The Bloodstained Shade (Aven Cycle #3)- Cass Morris
Published by Cass Morris
Release Date: January 31, 2023
Warning: Some Spoilers Ahead!
Synopsis: Latona of the Vitelliae, mage of Spirit and Fire, lies still as death. Her fate rests in the hands of her allies, who must redeem her soul from the churning void where Corinna, leader of a banished Discordian cult, has trapped it.
Protected by a cabal of corrupt priests and politicians, Corinna plans her most daring assault yet: a ritual striking at the ancient heart of Aven, with the power to swallow the city in a maw of chaos and strife. Her success would be Aven's doom, and the greatest violence would fall upon the most vulnerable.
In The Bloodstained Shade, Cass Morris saves her devoted fans (and main character Latona) from the cliffhanger ending she left us with in Give Way To Night. But she doesn't make anything easy on her characters, clearly being an author who believes that roasting characters in a fire brings out their strongest qualities. Latona and Vibia remain the two main Aven-centered characters, although I was glad to see sisters Aula and Alhena getting more of a role here as well. Both sisters continue to develop as strong secondary characters, willing to face their fears despite the risks, and I'm hoping for even more from them in the next book, particularly from Alhena and her magic.
We get to see Sempronius, Latona's brother Vitellius, and their allies finish the war in Iberia, and I liked how Morris wrapped that up. enemies became allies, but even among the enemies and the terrible things they were doing, there was a deep humanity to every action. Morris examines how different people handle the gruesomeness of war- this kind of war in particular- in different ways, and can come back sometimes changed for the better, or at least come back thinking differently. Sempronius gets a few shocks along the way and didn't really know what to do with them, or his emotions, or the idea of possibly being vulnerable in any way. I have to admit I rather enjoyed that- suddenly he became a very human character, realizing the mistakes he was making and what he was risking in a way that his confidence had never allowed him to do before. I also have to admit, I'm pretty worried for what Morris is setting him up for in the next book, with a few of the not-very-subtle clues she dropped in this one.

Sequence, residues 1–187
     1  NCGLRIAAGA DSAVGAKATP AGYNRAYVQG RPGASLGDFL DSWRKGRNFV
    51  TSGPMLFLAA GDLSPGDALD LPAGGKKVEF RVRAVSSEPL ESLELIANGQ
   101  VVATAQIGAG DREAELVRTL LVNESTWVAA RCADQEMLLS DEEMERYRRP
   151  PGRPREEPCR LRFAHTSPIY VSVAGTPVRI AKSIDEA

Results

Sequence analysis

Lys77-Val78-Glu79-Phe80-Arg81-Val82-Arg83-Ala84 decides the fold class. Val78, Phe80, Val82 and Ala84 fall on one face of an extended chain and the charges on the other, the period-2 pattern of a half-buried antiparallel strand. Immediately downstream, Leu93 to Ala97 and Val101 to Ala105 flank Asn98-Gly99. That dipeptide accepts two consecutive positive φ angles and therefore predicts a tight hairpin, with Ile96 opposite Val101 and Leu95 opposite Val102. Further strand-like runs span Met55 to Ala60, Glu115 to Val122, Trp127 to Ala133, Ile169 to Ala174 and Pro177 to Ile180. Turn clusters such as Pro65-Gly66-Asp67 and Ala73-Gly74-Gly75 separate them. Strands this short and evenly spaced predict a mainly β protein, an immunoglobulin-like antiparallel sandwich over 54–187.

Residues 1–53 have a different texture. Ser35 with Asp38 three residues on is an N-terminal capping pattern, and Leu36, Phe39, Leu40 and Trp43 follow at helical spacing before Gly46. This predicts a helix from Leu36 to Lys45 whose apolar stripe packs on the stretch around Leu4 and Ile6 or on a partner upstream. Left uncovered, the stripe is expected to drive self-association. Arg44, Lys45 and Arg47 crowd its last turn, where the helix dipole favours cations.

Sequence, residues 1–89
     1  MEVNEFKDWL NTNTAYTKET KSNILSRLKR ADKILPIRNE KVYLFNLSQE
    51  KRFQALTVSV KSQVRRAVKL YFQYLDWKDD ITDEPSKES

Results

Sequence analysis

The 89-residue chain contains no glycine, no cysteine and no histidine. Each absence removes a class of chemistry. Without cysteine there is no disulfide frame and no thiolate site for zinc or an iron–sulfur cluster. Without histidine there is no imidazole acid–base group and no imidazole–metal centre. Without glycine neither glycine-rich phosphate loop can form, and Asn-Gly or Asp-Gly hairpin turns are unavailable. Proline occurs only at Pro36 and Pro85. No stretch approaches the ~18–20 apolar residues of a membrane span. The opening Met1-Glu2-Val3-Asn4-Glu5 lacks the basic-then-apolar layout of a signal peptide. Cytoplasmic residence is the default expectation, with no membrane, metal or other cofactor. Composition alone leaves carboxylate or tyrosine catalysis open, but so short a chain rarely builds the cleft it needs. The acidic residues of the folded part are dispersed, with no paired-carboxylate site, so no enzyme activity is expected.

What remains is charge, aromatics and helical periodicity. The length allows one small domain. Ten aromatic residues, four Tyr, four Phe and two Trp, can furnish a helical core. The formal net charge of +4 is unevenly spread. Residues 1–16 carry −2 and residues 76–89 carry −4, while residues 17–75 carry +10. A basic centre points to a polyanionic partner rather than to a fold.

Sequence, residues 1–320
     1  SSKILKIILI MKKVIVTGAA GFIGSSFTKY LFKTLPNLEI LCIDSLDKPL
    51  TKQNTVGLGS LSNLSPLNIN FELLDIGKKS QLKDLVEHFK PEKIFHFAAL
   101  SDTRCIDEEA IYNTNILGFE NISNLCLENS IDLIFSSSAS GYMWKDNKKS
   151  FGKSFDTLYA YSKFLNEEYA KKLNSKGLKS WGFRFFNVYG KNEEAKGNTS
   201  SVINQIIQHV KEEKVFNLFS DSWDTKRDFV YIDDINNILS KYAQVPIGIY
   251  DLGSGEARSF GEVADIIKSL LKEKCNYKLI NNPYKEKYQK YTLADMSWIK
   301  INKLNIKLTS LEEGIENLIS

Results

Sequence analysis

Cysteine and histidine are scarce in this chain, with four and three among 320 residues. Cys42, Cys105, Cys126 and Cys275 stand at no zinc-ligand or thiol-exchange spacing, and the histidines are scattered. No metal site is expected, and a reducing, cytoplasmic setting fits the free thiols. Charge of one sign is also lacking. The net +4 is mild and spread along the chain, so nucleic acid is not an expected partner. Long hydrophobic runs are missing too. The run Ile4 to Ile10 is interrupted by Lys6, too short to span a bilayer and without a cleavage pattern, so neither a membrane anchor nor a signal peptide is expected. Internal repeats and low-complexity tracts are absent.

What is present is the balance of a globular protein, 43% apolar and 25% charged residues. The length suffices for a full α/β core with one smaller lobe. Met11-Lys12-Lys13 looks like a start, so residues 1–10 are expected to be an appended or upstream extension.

One of the messages I loved in this book was the idea that we are who we make ourselves. Corinna may get to say it best when she chides Latona for trying to tell Corinna's story. "Never try to reduce another woman down to something smaller than she is" Corinna tells Latona. Corinna has refused to allow that to happen to her from the beginning. But it's a fight Latona's had across the whole series, being made smaller than she is and gradually growing out of that- although it is something she still fights with here. One of the reasons enemies fear Latona (and Sempronius) is for trying to step out of their normal roles in society and reach for something bigger. Throughout the book, and the series, is always the question, will we give in to temptation? Will we blame someone else for out actions? Or will we, in the end, accept that we are both the good and the bad of ourselves, and that can make us weak, or incredibly, unbelievably, strong and united.
Full of fast-paced scenes, and excellent writing, with vastly different characters and places woven together into a brilliant and heart-pounding finale. Secondary characters continue to shine and develop, our main characters continue to show strengths and flaws enough to keep them both likable and relatable. Cass Morris' Aven continues to shine as an ancient Rome-inspired world built into something new and different, and I can't wait for the next book in this incredible series.
Bloodstained Shade starts with a very good "previously in Aven" summary for readers who didn't reread the first two books before starting Book 3, but I wouldn't recommend starting Shade without having read From Unseen Fire and Give Way to Night first. This is a series that build from one book to the next.